China's J-20 stealth fighter. (Internet photo)
China's fifth-generation stealth fighter, the J-20, is designed for potential conflict in the South China Sea, says the Global Times, a Chinese Communist Party-run tabloid known for its nationalistic bent.
With a combat radius of 2,000 kilometers, the J-20 is capable of flying from China to Wan'an Bank — the furthest reef knoll in the disputed Spratly chain — without refueling. Wan'an Bank is currently controlled by Vietnam, where it is known as Vanguard Bank.
Development of the J-20 appears to have been influenced by the Johnson South Reef Skirmish between China and Vietnam in 1988, when Beijing found that it would be close to impossible to drive Vietnam out of the Spratlys, which China claims, without a strong air force.
Before the J-20 enters service — expected in 2018 — Chinese fighters including the J-10, J-11, Su-27 and Su-30 will be able to make trips to the South China Sea, albeit with the support from aerial refueling tanker aircraft. With combat radiuses of 1,500km, these aircraft are also able to attack ships near Scarborough Shoal, where China was recently engaged in a military standoff with the Philippines.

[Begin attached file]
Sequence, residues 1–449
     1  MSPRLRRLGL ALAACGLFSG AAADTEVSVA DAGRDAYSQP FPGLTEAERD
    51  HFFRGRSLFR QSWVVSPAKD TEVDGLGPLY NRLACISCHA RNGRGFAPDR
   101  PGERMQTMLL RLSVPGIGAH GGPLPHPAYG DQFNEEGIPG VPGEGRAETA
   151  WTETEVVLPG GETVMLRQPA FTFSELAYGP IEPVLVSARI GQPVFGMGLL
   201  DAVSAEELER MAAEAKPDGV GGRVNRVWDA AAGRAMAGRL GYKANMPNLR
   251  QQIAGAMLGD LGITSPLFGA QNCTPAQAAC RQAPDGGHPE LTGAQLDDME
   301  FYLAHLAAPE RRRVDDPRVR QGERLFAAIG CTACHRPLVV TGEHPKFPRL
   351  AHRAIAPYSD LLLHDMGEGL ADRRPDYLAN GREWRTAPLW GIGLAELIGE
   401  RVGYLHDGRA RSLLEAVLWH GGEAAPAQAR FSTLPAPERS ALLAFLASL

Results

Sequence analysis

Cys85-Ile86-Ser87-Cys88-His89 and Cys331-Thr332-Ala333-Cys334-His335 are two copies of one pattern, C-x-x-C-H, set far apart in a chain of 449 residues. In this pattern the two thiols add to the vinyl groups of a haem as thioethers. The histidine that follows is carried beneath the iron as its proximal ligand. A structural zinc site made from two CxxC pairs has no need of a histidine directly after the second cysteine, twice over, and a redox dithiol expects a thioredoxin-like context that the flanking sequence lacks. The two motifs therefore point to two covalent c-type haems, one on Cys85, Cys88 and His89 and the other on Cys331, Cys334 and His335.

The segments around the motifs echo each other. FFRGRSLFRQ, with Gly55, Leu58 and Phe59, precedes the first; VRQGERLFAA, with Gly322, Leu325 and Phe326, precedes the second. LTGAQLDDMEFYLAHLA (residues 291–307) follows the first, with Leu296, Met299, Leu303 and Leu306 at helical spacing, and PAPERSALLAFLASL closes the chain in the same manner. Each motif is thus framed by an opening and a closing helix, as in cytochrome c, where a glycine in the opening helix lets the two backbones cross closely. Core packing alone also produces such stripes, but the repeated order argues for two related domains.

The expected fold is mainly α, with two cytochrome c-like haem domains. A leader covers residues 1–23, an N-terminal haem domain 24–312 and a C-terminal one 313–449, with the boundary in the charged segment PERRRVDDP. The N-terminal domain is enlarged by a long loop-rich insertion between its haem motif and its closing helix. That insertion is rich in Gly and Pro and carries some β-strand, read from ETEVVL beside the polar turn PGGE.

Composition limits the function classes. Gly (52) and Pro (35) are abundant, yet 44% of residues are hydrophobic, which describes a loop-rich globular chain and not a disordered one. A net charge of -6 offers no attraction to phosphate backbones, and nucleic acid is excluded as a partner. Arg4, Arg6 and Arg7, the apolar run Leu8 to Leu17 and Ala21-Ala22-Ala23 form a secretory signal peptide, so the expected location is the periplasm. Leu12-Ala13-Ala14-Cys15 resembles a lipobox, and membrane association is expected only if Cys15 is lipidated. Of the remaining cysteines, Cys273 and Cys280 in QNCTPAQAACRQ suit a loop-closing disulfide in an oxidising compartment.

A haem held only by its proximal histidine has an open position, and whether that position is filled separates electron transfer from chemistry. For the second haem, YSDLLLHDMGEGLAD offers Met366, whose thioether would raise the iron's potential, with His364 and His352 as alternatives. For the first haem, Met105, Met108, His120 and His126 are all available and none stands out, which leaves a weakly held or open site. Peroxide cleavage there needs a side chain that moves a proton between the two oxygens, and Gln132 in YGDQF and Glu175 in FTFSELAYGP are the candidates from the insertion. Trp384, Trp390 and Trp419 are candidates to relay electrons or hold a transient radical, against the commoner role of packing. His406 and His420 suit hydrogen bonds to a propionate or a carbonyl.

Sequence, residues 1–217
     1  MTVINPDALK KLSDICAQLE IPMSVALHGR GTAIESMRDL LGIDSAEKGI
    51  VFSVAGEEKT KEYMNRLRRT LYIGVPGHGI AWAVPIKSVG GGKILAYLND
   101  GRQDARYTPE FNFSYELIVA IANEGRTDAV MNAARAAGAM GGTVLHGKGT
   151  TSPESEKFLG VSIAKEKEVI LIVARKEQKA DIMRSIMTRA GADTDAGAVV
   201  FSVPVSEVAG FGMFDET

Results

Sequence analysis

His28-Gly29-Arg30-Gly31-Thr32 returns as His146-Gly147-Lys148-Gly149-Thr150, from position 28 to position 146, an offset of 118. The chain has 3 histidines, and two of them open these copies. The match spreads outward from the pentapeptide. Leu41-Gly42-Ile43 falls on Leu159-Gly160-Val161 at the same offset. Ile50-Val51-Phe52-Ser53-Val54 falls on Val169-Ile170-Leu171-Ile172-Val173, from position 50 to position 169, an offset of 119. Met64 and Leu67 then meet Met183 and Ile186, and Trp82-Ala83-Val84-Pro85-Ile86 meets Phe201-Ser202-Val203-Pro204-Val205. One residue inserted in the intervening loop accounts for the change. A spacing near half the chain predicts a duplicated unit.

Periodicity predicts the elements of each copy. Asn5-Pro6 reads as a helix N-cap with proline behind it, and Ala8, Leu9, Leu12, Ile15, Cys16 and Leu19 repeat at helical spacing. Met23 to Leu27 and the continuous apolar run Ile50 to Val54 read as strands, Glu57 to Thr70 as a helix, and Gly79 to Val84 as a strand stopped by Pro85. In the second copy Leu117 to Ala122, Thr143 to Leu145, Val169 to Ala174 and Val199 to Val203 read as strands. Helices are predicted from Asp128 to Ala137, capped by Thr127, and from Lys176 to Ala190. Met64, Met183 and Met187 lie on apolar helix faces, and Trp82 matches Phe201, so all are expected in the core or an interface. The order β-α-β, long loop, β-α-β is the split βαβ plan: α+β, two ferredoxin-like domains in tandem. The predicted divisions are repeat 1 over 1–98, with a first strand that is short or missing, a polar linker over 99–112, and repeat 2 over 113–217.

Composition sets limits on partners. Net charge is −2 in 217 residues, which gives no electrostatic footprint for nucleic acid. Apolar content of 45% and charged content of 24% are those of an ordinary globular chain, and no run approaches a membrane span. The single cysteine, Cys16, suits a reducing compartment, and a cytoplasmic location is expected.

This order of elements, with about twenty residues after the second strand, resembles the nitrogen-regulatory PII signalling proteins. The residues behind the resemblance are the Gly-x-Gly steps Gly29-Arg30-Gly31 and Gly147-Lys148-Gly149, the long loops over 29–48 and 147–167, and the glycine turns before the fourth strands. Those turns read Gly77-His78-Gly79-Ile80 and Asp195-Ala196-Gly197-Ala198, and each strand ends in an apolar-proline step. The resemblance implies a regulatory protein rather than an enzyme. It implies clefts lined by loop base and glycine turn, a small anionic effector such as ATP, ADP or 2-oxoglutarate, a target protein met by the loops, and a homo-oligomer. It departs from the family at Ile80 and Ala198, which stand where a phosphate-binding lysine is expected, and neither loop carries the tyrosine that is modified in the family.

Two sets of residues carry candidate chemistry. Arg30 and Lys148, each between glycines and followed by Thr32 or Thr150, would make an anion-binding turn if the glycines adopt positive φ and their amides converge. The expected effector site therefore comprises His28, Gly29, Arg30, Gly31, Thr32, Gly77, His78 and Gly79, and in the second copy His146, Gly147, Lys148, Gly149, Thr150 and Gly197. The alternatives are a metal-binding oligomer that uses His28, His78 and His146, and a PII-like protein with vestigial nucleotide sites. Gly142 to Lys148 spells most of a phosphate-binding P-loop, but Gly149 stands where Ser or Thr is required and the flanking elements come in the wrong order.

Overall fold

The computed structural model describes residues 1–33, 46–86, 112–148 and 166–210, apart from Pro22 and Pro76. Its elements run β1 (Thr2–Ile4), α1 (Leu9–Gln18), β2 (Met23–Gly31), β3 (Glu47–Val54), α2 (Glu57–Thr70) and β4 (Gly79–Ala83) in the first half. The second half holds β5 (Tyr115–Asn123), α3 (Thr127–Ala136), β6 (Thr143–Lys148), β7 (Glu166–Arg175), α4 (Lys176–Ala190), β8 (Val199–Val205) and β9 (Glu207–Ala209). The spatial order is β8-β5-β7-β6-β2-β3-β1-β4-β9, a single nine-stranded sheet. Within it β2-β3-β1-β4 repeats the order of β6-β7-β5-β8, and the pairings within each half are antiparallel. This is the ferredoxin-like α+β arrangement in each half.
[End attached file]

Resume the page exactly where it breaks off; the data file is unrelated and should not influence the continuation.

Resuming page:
The construction of an airfield at Woody island — known in China as Yongxing island — in the Chinese-controlled Paracel Islands will further shorten the distance between the PLA Air Force and potential battlefields.
The second J-20 prototype recently completed a flight test at an air base in the southwestern Chinese city of Chengdu; a Russian military news outlet has reported that there are four to five J-20 prototypes currently serving with the Chinese air force. When the Varyag, China's first and only aircraft carrier, begins service, its deployment to the South China Sea may also increase China's bargaining power in deals with Vietnam and the Philippines, said the Global Times.